More directly, when you right click on your project view you will see it added to the list of things you can Create:

Without that, even after creating the script you wouldn’t be able to manually create an asset of DancingAnimatorSO type, making all our efforts null.

Not covered in this tutorial but nice to know: You can create SOs by scripting, with ScriptableObject.CreateInstance() and other options~

What the is a HashSet<Animator> you ask? It’s a surprise tool that will help us later~
Okay sorry for the joke, it’s just a collection of unique objects.
I’m using it because since there is no sense for having the same Animator being controlled multiple times, a HashSet allows me to only have one of each Animator added, no matter how many times I try to add repeated ones.
If I was using a List or Array, I would have to manually check if it was already added every time.

The RegisterAnimator and UnregisterAnimator methods just add or remove Animators from the collection.

After that we have some methods used to control the Animators. As this was our objective in the first place.

Lastly, ShowTime is a method only used to show how this system works, it’s not anything important.

For the curious ones: Because of the way we set the Animator Controller, setting all three triggers at the same time will make them do the each of the dance in sequence of 1, 2 and 3.

Onward to next script!

We gonna take a look at PlayAnimComponent:

using UnityEngine;

public class PlayAnimComponent : MonoBehaviour {

    // Here we can have a reference set from the inspector to the ScriptableObject that is gonna sync all animations.
    public DancingAnimatorSO dancingAnimatorSO;

    // Having a reference to the animator to link it, also to control it individually if we need to.
    private Animator _animator;

    private void Awake() {
        _animator = GetComponent<Animator>();

    // Here we give control of our animator, also we reset it so it can dance synced to the others.
    public void Register() {

        _animator.Play("Idle", -1, 0f);

    // Assuming direct control!
    public void Unregister() {

    // Common animator parameters setters
    public void SetInteger(string paramName, int value) {
        _animator.SetInteger(paramName, value);

    public void SetBool(string paramName, bool value) {
        _animator.SetBool(paramName, value);

    public void SetFloat(string paramName, float value) {
        _animator.SetFloat(paramName, value);

    public void SetTrigger(string paramName) {

First it sets a public field for a DancingAnimatorSO, allowing us to set our SO from the Inspector.

Secondly I’ve decided to add a reference to the Animator too, you could also have two scripts in such a way that:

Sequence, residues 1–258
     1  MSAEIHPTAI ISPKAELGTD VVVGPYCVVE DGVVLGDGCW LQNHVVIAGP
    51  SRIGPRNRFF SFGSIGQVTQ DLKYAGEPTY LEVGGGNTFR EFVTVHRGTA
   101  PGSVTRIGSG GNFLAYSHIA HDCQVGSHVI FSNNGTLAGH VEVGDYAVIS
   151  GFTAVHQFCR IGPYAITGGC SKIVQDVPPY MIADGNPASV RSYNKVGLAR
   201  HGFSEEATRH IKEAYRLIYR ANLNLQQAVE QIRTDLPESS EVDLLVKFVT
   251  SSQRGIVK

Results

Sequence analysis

YourFirstComponent is a normal component that just allows you to play your Animations through your Animator.
YourSyncComponent could inherit from YourFirstComponent, allowing you to sync your Animator through the ScriptableObject.

Next we have the Register and Unregister methods, the important thing here is that on the Register method we are resetting the Animator in such a way that at the next frame it could start syncing with what our SO wants.
Of course as this is a simple example, the method to reset is simple as well, in more complex scenarios this could prove to be quite a problem and also require you to set this Animator current state to the others.

And a few of our well known parameter controlling methods.

And last but not least!

Our Dancer script:

using UnityEngine;

public class Dancer : MonoBehaviour {

    // Having our controller component allows us to play our animations on command.
    private PlayAnimComponent _playAnimator;

    private void Awake() {
        _playAnimator = GetComponent<PlayAnimComponent>();

    // Used to show the dances with the button.
    public void PlayRandomDance() {
        switch (Random.Range(0, 3)) {
            case 0:
            case 1:
            case 2:

But in this case is not actually important at all, sorry Dancer!

It only contains one method and it is used to play a random dancing animation. This is called by the buttons bellow each dancer.

Back to our UI

Each Dance! button calls the Dancer.PlayRandomDance() method.

Each Register button calls the PlayAnimComponent.Register() method, while also hiding itself, and revealing the button underneath called Unregister, that button calls the PlayAnimComponent.Unregister() method, hides itself and reveals the Register button.

The Start the Show! button calls the DancingAnimatorSO.ShowTime() method.

And all this together allows us to achieve what the first gif showed!

What are other applications for this?

The Unity blog has showed us some like giving the player’s health to a scriptableobject, and allowing any other object get it’s value from there.
This also allows the scriptableobject to raise events such as applying a post processing effect of black and white, or playing more dangerous music or sounds!

Full Project Download:

You can download the project I used to test here.

Thank you for reading my tutorial!

I hope this tutorial was of help to you, and if possible a donation of 1$ may be of great help on aiding the development of future tutorials:



Thank you very much!